Ford CEO Alan Mulally said that Japan is a currency manipulator offering local exporters an unfair advantage by weakening the yen, which is close to undermining US automakers’ profits.
“With the currency manipulation, we just have to get back to the place where the currencies are set by the markets and the free trade agreements really are free trade agreements,” Alan Mulally.
Since the beginning of the year Mulally has expressed his concerns regarding the yen, saying how the currency helps Japanese exporters increase profits, drawing increasing international criticism. This week Bank of Korea Governor Kim Choong Soo urged countries in Asia to join hands and defend themselves against the negative side-effects of the campaign imposed by Prime Minister Shinzo Abe.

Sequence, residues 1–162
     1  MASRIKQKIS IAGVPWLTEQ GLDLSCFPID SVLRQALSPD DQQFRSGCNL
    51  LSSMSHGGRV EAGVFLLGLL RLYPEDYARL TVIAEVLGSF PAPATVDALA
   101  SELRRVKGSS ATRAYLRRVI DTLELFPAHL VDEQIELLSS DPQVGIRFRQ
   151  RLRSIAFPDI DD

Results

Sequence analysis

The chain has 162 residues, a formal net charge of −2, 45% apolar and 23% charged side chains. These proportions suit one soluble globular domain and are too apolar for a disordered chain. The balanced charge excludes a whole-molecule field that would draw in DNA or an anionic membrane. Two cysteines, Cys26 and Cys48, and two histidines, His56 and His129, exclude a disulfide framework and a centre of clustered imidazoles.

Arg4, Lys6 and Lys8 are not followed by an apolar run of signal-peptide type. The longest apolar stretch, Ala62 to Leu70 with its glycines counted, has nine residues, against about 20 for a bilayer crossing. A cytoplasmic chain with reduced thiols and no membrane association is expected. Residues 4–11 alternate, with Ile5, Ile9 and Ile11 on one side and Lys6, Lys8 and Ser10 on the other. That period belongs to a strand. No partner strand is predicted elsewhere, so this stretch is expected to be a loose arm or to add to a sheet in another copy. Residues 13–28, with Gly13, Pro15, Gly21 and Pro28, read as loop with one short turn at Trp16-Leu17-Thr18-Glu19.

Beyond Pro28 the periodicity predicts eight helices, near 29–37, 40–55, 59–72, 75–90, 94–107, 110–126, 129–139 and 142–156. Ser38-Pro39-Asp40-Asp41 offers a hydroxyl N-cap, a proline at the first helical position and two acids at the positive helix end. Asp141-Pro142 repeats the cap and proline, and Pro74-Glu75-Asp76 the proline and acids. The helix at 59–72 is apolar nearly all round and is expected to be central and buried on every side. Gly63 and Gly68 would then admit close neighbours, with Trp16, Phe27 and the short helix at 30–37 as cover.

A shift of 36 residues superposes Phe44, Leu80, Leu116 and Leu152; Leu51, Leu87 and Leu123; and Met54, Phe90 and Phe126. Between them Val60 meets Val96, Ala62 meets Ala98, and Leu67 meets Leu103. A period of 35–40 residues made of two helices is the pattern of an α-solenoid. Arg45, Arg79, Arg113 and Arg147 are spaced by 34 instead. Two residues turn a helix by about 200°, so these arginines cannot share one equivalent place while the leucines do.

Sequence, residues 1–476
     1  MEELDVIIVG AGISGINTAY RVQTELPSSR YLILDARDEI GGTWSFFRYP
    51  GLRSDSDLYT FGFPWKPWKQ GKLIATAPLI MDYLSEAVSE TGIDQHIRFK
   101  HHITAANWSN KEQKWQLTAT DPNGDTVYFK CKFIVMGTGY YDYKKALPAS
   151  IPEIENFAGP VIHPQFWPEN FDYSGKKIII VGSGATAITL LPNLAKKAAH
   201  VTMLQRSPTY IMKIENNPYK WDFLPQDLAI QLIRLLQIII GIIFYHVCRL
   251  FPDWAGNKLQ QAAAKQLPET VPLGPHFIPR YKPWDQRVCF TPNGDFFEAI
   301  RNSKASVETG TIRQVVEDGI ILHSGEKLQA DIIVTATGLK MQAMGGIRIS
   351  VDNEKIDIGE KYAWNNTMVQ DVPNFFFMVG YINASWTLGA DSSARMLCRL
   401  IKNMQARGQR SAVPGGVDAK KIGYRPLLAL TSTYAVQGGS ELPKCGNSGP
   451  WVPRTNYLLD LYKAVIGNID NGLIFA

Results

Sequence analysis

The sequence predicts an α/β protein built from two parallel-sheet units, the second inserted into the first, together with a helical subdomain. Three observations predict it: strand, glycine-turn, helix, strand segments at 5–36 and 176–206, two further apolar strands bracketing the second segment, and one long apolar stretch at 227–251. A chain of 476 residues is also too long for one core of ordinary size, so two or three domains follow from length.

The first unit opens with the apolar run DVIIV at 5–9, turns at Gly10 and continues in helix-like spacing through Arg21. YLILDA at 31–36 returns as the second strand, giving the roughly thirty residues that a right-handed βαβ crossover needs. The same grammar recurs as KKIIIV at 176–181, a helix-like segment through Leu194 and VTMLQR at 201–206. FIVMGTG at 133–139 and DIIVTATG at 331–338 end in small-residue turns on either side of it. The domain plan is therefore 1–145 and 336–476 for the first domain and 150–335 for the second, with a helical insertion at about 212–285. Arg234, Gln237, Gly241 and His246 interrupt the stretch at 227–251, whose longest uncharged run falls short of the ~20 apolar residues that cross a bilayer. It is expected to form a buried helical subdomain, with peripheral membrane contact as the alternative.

“Mulally is one of the harshest critics on the yen,” said John Zeng, a shanghai-based analyst at LMC automotive. “A weaker yen puts them in a disadvantageous position.”
Since November, the yen has dropped against each major currency, including 17% against the dollar, increasing the value of exports at Japanese companies, from Toyota to Sony. Mulally also drew attention on the fact that Japan is still a closed market for automakers in the US, who oppose the Asian country’s bid to join the Trans-Pacific Partnership negotiations.
“It’s just the most closed market in the world,” Mulally said today.